Cotton's Week November 30, 2001

Cotton's Week November 30, 2001

Cotton's Week: November 30, 2001

Senate Action on Farm Bill Delayed

Efforts to secure full Senate vote on new farm bill stalled as lawmakers dealt with other matters, and aides to Majority Leader Daschle (D-SD) indicated debate would not begin on issue before Dec. 3 or 4.

Sen. Daschle convened news conference in which NCC and 31 other farm and lender organizations participated, urging Senate to approve new farm bill "without delay." Groups also made known their support for bill without non-agriculture-related amendments. They pointed out that unencumbered farm bill is only way to get bill passed by Senate and through conference so that Congress can approve final bill this year.

"I don’t think you can emphasize enough the urgency with which we need to address farm legislation," Daschle said. "Today, more than ever before, we need to strengthen the industry that so strengthens us. We need to pass this bill without delay and do it without attaching unrelated measures. It is my firm intention to pass a farm bill this year."

Earlier, President Bush and Ag Secretary Veneman addressed farm bill issue in addresses to Farm Journal Forum.

In his remarks, President called for "generous but affordable" bill that adheres to budget limits and gives farmers safety net without leading to overproduction. "A good farm bill should keep a safety net under our ... producers without misleading (them) into overproducing crops that are already in oversupply. A good farm bill should be generous and affordable (and) should honor the budget limits that Congress has agreed to live by."

Following President’s comments, NCC Chairman James Echols said, "The President seemed to open the door to the process moving forward, provided the bill meets certain priorities that the Administration has established. We agree that a strong safety net that the current law does not have is needed and can be provided under the budget guidelines agreed to by Congress.

"The House has passed a bill that complies with the budget constraints Congress has established, and we continue to support quick action by the Senate so that a bill can be brought to conference and passed before adjournment. Growers and their lenders need the certainty a new bill would provide as they plan for the 2002 crop year."

In related development, Sens. Cochran (R-MS) and Roberts (R-KS) indicated they are completing legislation that could be offered during Senate debate as alternative to bill reported by Senate Ag Committee (formerly S. 1628 but renumbered S. 1721). Details are expected Dec. 3 and will be available at

Senate Committee Approves Andean Renewal

Senate Finance Committee approved legislation to renew and expand Andean Trade Preference Act (ATPA). Introduced by Sen. Graham (D-FL), measure would extend ATPA through Feb. 28, ’06, and would provide duty-free treatment to certain apparel products.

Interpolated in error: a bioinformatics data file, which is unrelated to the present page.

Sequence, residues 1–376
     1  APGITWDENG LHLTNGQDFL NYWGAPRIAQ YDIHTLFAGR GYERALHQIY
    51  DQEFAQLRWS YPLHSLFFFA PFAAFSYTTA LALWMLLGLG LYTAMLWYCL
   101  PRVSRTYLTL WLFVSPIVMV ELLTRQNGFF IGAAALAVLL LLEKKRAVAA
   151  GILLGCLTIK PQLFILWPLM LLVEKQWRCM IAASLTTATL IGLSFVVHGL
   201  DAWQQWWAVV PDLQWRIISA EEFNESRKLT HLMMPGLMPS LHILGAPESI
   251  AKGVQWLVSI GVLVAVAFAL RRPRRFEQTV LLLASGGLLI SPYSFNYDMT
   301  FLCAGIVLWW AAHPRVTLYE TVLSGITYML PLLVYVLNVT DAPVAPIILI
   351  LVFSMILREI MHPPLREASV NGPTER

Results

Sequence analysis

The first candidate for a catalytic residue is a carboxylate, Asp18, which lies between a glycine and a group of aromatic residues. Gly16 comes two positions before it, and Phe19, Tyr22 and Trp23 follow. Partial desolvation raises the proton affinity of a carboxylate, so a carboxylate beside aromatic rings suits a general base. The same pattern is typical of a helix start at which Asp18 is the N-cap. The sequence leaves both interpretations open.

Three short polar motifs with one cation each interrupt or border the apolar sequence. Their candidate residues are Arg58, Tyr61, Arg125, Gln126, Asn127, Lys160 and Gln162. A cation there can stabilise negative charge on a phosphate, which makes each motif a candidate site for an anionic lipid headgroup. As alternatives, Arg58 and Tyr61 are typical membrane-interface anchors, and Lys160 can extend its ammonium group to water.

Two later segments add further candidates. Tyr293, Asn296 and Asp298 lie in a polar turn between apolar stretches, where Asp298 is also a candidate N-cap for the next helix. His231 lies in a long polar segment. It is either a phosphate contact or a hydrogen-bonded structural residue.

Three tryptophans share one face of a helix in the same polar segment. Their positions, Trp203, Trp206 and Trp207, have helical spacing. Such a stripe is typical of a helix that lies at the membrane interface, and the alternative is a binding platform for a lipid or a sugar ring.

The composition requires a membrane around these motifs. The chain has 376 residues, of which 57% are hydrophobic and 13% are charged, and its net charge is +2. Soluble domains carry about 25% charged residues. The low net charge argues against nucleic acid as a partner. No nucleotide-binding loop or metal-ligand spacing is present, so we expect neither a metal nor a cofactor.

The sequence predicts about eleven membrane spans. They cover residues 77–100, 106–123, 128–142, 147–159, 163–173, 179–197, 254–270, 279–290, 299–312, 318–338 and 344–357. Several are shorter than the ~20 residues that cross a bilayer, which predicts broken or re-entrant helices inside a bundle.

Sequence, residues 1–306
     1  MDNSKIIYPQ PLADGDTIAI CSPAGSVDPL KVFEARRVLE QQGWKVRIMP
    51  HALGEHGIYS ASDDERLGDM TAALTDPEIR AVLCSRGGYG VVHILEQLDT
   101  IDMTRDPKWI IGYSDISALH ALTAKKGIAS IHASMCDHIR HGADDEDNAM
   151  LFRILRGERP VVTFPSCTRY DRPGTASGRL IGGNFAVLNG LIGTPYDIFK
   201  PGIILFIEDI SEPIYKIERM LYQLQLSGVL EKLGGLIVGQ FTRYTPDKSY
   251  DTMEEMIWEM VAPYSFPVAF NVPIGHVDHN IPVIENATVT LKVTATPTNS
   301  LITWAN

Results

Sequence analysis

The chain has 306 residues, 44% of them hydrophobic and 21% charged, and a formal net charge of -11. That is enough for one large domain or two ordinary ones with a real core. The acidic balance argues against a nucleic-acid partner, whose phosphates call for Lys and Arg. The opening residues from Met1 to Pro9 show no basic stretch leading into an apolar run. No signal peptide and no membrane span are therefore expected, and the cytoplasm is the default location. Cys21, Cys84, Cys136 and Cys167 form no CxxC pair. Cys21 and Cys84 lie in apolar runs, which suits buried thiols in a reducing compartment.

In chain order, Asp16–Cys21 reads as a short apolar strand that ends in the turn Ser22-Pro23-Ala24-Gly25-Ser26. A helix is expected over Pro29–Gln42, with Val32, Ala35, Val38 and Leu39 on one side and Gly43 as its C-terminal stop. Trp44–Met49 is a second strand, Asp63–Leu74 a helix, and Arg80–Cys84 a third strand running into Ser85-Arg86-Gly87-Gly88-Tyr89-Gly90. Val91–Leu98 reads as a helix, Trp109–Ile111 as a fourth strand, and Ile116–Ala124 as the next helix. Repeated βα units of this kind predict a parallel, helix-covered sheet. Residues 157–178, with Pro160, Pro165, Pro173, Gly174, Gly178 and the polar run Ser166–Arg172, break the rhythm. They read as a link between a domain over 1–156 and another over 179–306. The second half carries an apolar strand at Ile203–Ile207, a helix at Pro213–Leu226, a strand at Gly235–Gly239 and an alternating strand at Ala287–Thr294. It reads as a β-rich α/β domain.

Preferential treatment for apparel products would apply only to articles assembled in Andean countries using US-manufactured fabrics containing US yarn or using fabric knit in Andean country using US yarn. Preference for items containing regional-knit fabrics is limited to 70 million square meter equivalents.

ATPA is scheduled to expire Dec. 4. Originally passed in ’91, act provides duty-free treatment to selected products, excluding footwear and apparel, to 4 Andean nations – Bolivia, Ecuador, Colombia and Peru.

Prior to committee action, NCC Chairman James Echols sent letter to Chairman Baucus asking for 6-month extension of current legislation. He also recommended that committee "work with representatives from the US textile industry, the Administration and the Andean region to craft consensus legislation concerning the expansion of Andean trade preferences to apparel products – based on S.525 as introduced by Sen. Graham – with the goal of fostering mutually beneficial relationships between US and Andean firms with minimal adverse impact on the remaining US industry." Letter also stated that "… legislation renewing the ATPA and adding preferences for certain apparel products assembled in the Andean countries … should include the goal of maximizing US content."

During Finance Committee meeting, Chairman Baucus (D-MT) indicated if work on expanded ATPA could not be finished prior to end of this session, he hoped legislation providing 6-month extension of ATPA could be approved to ensure no interruption of trade.

In related development, Sens. Cochran (R-MS) and Roberts (R-KS) indicated they are completing legislation that could be offered during Senate debate as alternative to bill reported by Senate Ag Committee (formerly S. 1628 but renumbered S. 1721). Details are expected Dec. 3 and will be available at

House Continues Push for Dec. 6 TPA Vote

House leaders continue to insist that vote on Trade Preference Authority (TPA) will occur on Dec. 6. According to statement by Ways and Means Committee Chairman Thomas (R-CA), legislation granting President broad authority to negotiate trade agreements, subject to Congressional approval, would be modified to address concerns expressed by representatives from textile, citrus and steel production districts.

Cabinet officials also have stepped-up efforts to build support for TPA. Ag Secretary Veneman, Commerce Secretary Evans, Treasury Secretary O’Neill, State Department Secretary Powell and US Trade Representative Zoellick have been actively promoting support for TPA. President Bush has announced his intention to meet with members of House in days leading up to scheduled vote.